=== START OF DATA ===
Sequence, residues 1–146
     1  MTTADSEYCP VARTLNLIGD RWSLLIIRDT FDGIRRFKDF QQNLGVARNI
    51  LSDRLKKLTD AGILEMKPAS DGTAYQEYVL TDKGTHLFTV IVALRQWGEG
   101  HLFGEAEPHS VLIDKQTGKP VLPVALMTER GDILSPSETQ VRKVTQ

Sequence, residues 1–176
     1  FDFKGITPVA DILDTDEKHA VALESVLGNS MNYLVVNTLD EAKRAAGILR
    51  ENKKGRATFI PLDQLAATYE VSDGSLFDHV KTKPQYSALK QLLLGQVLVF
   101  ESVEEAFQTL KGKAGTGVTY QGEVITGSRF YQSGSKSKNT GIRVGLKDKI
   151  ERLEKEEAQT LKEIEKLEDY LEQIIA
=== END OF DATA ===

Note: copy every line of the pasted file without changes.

Sequence, residues 1–146
     1  MTTADSEYCP VARTLNLIGD RWSLLIIRDT FDGIRRFKDF QQNLGVARNI
    51  LSDRLKKLTD AGILEMKPAS DGTAYQEYVL TDKGTHLFTV IVALRQWGEG
   101  HLFGEAEPHS VLIDKQTGKP VLPVALMTER GDILSPSETQ VRKVTQ

Sequence, residues 1–176
     1  FDFKGITPVA DILDTDEKHA VALESVLGNS MNYLVVNTLD EAKRAAGILR
    51  ENKKGRATFI PLDQLAATYE VSDGSLFDHV KTKPQYSALK QLLLGQVLVF
   101  ESVEEAFQTL KGKAGTGVTY QGEVITGSRF YQSGSKSKNT GIRVGLKDKI
   151  ERLEKEEAQT LKEIEKLEDY LEQIIA